Heat the milk, sugar, salt, and 1 cup of the cream over medium heat. Stir occasionally until it begins to steam. Then stir in the mint leaves so that they’re covered in liquid. Cover the pot, remove from the heat, and let steep at room temperature for one hour.
Strain the mixture into a medium saucepan, squeezing on the mint leaves to get out as much juice as possible. Discard the mint leaves. Pour the remaining 1 cup cream into a large bowl and set aside.
Rewarm the mint-infused mixture over medium heat until it begins to steam. In a separate medium bowl, whisk together the egg yolks. Slowly pour the warm mint liquid into the egg yolks, whisking constantly; then scrape the warmed egg yolks back into the saucepan.
Stir the mixture constantly over medium heat with a heatproof spatula, scraping the bottom as you stir, until the mixture thickens and coats the spatula. Pour the custard through a strainer into the large bowl containing the cream. Stir until cool over an ice bath.
Chill the mixture thoroughly in the refrigerator, then freeze it in your ice cream maker according to the manufacturer’s instructions.
Printer-Friendly Version – Chocolate-Mint Ice Cream
From Baking Bites
Makes a 10″ by 15″ Cake
2 cups sugar
2 cups all purpose flour
1/2 cup cocoa powder
1 1/2 tsp baking powder
1 1/2 tsp baking soda
1 tsp salt
2 large eggs
1/2 cup milk
1/2 cup buttermilk
1/2 cup vegetable oil
1 tsp vanilla extract
1 cup hot water
Preheat oven to 350F. Grease a 10×15-inch jelly roll-type pan with cooking spray and line with parchment paper. Leave some paper overhanging the edges of the pan.
In a large bowl, whisk together sugar, flour, cocoa powder, baking powder, baking soda and salt.
In a medium bowl, whisk together eggs, milk, buttermilk, vegetable oil and vanilla extract. Pour into flour mixture and stir until just combined.
Pour hot water (not quite boiling) over batter and stir until smooth. Pour into prepared pan.
Bake for about 25 minutes, until cake springs back when lightly pressed and a toothpick inserted into the center comes out clean.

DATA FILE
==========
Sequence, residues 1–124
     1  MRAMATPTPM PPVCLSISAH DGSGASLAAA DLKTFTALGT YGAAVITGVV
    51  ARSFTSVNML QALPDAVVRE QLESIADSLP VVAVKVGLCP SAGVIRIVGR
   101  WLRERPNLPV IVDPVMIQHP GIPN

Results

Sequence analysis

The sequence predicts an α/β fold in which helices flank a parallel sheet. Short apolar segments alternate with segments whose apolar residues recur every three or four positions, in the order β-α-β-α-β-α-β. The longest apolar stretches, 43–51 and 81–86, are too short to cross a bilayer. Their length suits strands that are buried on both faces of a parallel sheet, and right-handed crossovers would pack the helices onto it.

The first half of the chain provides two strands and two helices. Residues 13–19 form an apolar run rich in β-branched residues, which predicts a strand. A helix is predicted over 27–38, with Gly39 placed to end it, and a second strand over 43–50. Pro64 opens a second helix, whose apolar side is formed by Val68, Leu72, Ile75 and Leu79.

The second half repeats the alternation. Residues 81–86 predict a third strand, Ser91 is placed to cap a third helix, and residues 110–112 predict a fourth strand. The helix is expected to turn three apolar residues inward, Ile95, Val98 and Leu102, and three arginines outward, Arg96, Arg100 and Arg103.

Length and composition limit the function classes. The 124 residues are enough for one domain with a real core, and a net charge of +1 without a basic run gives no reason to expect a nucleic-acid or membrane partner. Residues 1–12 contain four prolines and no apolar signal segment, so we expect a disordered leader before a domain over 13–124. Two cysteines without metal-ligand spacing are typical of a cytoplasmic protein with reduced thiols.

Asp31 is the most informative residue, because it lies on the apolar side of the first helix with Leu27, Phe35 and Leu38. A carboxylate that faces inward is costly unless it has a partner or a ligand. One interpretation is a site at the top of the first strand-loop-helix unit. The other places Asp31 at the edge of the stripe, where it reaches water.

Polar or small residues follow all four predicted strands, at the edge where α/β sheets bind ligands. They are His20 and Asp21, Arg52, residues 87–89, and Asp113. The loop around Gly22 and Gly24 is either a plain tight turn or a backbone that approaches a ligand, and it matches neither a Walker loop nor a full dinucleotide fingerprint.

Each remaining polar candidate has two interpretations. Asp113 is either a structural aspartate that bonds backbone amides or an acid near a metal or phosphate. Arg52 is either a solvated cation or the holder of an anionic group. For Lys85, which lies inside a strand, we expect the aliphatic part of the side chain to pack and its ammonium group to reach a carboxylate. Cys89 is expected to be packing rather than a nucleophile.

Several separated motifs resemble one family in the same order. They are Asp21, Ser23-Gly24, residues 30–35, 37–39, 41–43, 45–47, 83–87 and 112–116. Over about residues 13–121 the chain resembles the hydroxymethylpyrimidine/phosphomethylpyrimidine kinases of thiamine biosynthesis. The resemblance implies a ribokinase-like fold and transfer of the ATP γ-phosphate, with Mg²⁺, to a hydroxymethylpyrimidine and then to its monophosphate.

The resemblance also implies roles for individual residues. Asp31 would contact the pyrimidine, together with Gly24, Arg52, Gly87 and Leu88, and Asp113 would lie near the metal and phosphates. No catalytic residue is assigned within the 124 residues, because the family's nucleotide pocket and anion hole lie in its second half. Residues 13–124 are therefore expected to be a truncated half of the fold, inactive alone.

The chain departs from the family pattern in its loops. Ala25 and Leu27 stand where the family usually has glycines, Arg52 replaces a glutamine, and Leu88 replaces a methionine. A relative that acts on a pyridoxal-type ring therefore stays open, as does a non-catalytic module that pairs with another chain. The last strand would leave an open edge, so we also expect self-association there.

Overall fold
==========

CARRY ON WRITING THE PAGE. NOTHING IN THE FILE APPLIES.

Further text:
Let cake cool in pan for 15 minutes, then use the parchment paper to transfer cake to a wire rack to cool completely. Do not remove parchment paper.
Cocoa Whipped Cream Frosting
2 cups heavy whipping cream
1 teaspoon vanilla extract
2 1/2 tablespoons cocoa powder
2 tablespoons powdered sugar
Whip the cream and vanilla extract with an electric mixer on medium speed. Slowly add the cocoa powder and powdered sugar (I suggest you sift these first) and increase the speed to high. Beat until stiff peaks form. Frost the cake immediately.
Assembling the cake: I didn’t give recipes that mesh with each other, but here’s what I suggest for a 9″ round cake. Line a 9″ pan with plastic wrap and spread a layer of ice cream in it. Freeze until solid, then lift out the ice cream and return to the freezer. Use two 9″ pans to bake the cake. Use the cake recipe as written, and divide it between the two 9″ round pans. I’m not sure what the baking time will be, so just check frequently and bake until a toothpick comes out clean. Cool 10 minutes, then turn out onto wire racks and cool completely.
Take a layer of cake and top it with the layer of frozen ice cream, then the second layer of cake. Return to the freezer and chill until solid. Meanwhile, make the frosting. Spread it all over the cake and chill. Remove 20 minutes prior to serving.
Printer-Friendly Version – Chocolate Cake, Cocoa Whipped Cream Frosting, and Assembly Instructions